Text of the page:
• 1Departamento de Hematología-Oncología. Escuela de Medicina. Pontificia Universidad Católica de Chile, Santiago, Chile.
  • 2Departamento de Cirugía Oncológica y Maxilofacial. Escuela de Medicina. Pontificia Universidad Católica de Chile, Santiago, Chile.
  • 3Departamento de Anatomía-Patológica. Escuela de Medicina. Pontificia Universidad Católica de Chile, Santiago, Chile.
  • 4Departamento de Radiología. Escuela de Medicina. Pontificia Universidad Católica de Chile, Santiago, Chile.
  • 5Centro de Cáncer. Pontificia Universidad Católica de Chile, Santiago, Chile.

This is an Open Access article distributed under the terms of the Creative Commons Attribution License, which permits unrestricted use, distribution, and reproduction in any medium, provided the original work is properly cited.

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What Is The Life Expectancy For Stage 4 Breast Cancer

Stage 4 breast cancer life expectancy can vary depending on several factors. The following factors can affect your life expectancy with metastatic breast cancer:

  • Age
  • Amount of hormone receptors and HER2 receptors on cancerous cells
  • Tissues that the cancer has affected

There is still not a clear answer for how long can you live with stage 4 breast cancer because it can vary greatly from patient to patient. Other factors such as past and current treatments being used also can have an effect on the life expectancy for patients.

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Survival And Prognostic Factors

Median follow-up after diagnosis of metastatic disease was 37.1 months , with 302 patients being alive at the end of the follow-up period.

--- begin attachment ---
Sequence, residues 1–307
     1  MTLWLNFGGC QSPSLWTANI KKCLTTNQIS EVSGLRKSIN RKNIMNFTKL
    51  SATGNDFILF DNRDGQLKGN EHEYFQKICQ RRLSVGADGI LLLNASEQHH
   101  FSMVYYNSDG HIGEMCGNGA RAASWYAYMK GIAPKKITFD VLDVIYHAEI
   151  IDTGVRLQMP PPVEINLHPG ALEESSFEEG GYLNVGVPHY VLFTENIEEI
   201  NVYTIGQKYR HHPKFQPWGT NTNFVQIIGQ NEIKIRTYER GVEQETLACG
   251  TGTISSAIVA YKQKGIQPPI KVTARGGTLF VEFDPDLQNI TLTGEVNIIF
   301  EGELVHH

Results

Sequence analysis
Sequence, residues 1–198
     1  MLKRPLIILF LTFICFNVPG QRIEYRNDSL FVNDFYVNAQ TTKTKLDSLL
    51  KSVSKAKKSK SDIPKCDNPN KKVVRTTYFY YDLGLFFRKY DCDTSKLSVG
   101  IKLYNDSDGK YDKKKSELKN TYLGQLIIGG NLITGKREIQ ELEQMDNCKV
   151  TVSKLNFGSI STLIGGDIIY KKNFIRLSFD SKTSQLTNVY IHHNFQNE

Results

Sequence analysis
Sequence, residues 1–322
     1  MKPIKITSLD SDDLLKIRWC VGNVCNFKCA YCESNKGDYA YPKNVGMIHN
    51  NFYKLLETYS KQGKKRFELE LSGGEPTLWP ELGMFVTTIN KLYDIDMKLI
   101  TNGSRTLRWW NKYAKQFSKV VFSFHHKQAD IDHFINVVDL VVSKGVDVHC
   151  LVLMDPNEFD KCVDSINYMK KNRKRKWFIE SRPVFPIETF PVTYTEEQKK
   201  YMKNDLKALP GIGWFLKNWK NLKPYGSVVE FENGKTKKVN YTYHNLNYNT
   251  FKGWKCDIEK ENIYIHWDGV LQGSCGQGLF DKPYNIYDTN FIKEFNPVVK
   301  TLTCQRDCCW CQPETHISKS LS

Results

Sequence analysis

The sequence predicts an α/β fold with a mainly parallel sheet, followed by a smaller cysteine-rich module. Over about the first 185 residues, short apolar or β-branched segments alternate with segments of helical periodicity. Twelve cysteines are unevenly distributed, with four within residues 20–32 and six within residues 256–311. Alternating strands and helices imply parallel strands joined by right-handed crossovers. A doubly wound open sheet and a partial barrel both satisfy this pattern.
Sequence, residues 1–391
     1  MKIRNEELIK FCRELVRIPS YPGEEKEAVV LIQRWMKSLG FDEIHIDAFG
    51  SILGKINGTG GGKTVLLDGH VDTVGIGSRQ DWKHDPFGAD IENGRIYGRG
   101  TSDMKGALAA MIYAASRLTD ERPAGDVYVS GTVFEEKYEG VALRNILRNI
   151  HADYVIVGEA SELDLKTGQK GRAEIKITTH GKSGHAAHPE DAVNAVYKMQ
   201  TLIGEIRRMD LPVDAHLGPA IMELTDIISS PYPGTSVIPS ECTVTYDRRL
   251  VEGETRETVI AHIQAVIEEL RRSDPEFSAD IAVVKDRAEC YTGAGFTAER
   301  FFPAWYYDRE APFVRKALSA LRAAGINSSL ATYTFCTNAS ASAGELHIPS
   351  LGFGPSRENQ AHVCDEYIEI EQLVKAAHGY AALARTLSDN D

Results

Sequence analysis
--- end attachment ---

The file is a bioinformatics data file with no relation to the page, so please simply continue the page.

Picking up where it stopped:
The median survival of patients with de novo metastatic breast cancer was 29.4 months compared with 21.1 months for patients with recurrent metastatic breast cancer .

When looking at the patients with recurrent metastatic breast cancer stratified by MFI, survival of those with de novo metastatic breast cancer was significantly better than for patients with MFI < 24 months . Survival of de novo metastatic breast cancer patients was not significantly different from the survival of recurrent metastatic breast cancer patients with MFI of > 24 months .

Survival after diagnosis of metastatic breast cancer for patients with de novo metastatic breast cancer and recurrent metastatic breast cancer with MFI < 24 months and recurrent metastatic breast cancer with MFI > 24 months.

The prognostic impact of the prognostic factors did not differ significantly for the three MFI groups . Therefore, the results could be pooled to obtain the final Cox proportional hazards model .

Er Pr Her2 And Ihc Subtypes

Information on ER, PR and HER2 status was obtained from pathology reports for the whole study period . From 2005 to January 2010, tumours were classified as ER negative if < 10% ER expression, and from February 2010 onwards if < 1% ER expression. PR-negative tumours were defined as < 10% PR expression throughout the study period. HER2 expression was routinely assessed with IHC and verified with in situ hybridization if the IHC results were borderline. We created six IHC subtypes: ER+PR+HER2, ER+PRHER2, ER+PR+HER2+, ER+PRHER2+, ERPRHER2+ and ERPRHER2 . Women with the rarer combinations ERPR+HER2 or ERPR+HER2+ were set to missing in the analysis . In total, n =21,786 women had known IHC subtype, while n =2351 women lacked information on ER, PR or HER2 status .

Table 1 Clinicopathologic characteristics by IHC subtype for women with invasive breast cancer, Norway 20052015 age 2074 years

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What Should I Ask My Healthcare Provider About Metastatic Breast Cancer

If youve been diagnosed with metastatic breast cancer, ask your provider:

  • What are my treatment options?
  • What is my prognosis?